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Gerard, Edward

Yaphank
from Yaphank As It Is and Was
by
Beecher Homan
1875


Gerard, Edward


 



Edward Livingston Gerard.

Edward L. Gerard was born in Port Jefferson, March 11th, 1836. He came to Yaphank in 1842- when but six years old- and entered the family of his uncle, Hawkins Gerard.

He early evinced decided executive ability, and soon became manager of his uncle's business, and is his probable successor. While the giddy and gay were whirling their leisure hours in the mazy dance, or frequenting places of amusement, young Edward was poring over his books and storing up the knowledge that has proved so indispensable in his after life. Mr. Gerard began life with nothing but an honest purpose, an invincible will, and a kind uncle and aunt; but by his untiring energy and his thorough comprehension of the details of business. He has gained for himself an unquestionable business reputation. He is an industrious, hard working, public-spirited man, and has done much to improve Yaphank.

In the autumn of 1871, he was elected a superintendent of our county poor, in which capacity he reflects credit upon himself and his constituents.

Honorable as his record in business relations, it is as a Christian and neighbor that his name is cherished. He has long been a member of the Yaphank Presbyterian Church, and at the present writing officiates in thee following capacities: elder, trustee, organist and secretary. In the infancy of that enterprise, its prosperity enlisted his uncle's sympathy, prayers, and beneficence; while Edward, in its success and firm establishment, in the beautiful little house of worship, and under able pastors, greatly rejoiced.

He married in 1873, and decided to settle in Old Yaphank- a place made doubly dear to him by business success and friendship's sacred ties. Yaphank could ill afford to lose so honorable and enterprising a citizen as E. L. Gerard has ever shown himself to be.

Mr. Gerard possesses two peculiarities that won General Grant national fame. What he knows he uses practically, and for a purpose. He had chosen his calling, and mastered it. Like our illustrious President, he is not loquacious. What he says and does- is intended in strict conformity to honesty and honor.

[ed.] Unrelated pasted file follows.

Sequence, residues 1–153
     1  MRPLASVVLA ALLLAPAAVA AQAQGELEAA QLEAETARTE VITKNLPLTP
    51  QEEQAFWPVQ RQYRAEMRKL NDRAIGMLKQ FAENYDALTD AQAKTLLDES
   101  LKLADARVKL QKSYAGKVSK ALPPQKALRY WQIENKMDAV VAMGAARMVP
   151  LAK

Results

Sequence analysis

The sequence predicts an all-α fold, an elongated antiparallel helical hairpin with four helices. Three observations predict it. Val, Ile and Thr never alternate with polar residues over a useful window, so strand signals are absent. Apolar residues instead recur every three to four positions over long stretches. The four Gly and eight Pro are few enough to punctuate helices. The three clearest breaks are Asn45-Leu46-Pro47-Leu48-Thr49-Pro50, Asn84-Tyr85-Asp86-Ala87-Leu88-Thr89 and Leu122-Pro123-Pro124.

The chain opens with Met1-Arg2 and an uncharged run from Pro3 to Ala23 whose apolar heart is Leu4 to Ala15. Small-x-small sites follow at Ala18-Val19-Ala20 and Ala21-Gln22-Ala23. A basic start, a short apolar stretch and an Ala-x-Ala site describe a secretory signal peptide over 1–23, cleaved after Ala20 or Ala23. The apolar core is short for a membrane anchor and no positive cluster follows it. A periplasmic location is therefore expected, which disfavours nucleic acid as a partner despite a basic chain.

He is a trifle below the average stature; slender in build, with a wide- awake, Yankee look and action. His prosperity is due to personal exertions; luck is limited attached to his success.

Men, who envy Mr. Gerard his sunshine, could never be induced to follow his clouds to acquire it. No man in the town works harder, or labors more hours than he. He is invariably at his business. Agreeable and accommodating, he deserves success.

When Robert Smith was nominated a Superintendent of our county poor against Mr. Gerard, he was universally considered the strongest and most influential candidate. Mr. Gerard's election annihilated all party fears, and he was has since grown stronger in public favor, for none doubted his business qualifications and veracity.

Mr. Smith's defeat- while it won Gerard victory- reflects no discredit on his individual ability and qualification. The political sea ebbed and flowed against him. Majority won, he lost the day.

Mr. Gerard is sometimes amusing, but never alluring; sometimes pleasant, never fascinating; often spicy, never satirical. He would be successful in any mercantile or commercial department. He would be prominent as a merchant, banker, or broker; but never as an orator or minister. He might become a second Stewart, but never a Spurgeon.

By strangers, Mr.Gerard is seldom deemed prepossessing. He
Is too tired unassuming and unpretentious to please the fancy world. Steady, honorable, not supercilious, nor ostentatious, he must be known to be appreciated. In consummation, he is neat, but not gaudy.

He has what wealth or position cannot buy a contented mind.
Dame Jenkins says, "A man is contented while fortune smiles." Oh, you cruel proverbial!

Mr.Gerard early took to beneficial study, and is considered as well informed in the current lore as the prevailing privileges allow.
Within the classical walls of the Miller's academy, Edward mastered the rudiments of a common education. Even in his early life no great cables circumferenced the earth with bonds of electricity, and no iron horses thundered over the land as at the present day, snorting their civilization and steam enterprise into the trackless forests. Railroads were in operation, but not extensively. Galvanic batteries seldom shocked the skeptical nerves, and no Grecian bends frightened the superstitious. Science had made but little progress, and was crudely original. Now, steam plows uproot the sod, and golden grains wave over the land where the original Americans slew the bison and built their wigwams but a little while ago. Thus E. L. Gerard acquired his education in an age-not over a quarter of a century ago-when science had not reached culmination we now enjoy; and arithmetic, writing, geography and spelling comprised the principal academic course.

Mr. Gerard is somewhat of a musician, and is regarded as good musical authority. He is ingenious, withal, and has produced articles possessing mechanical excellence. 

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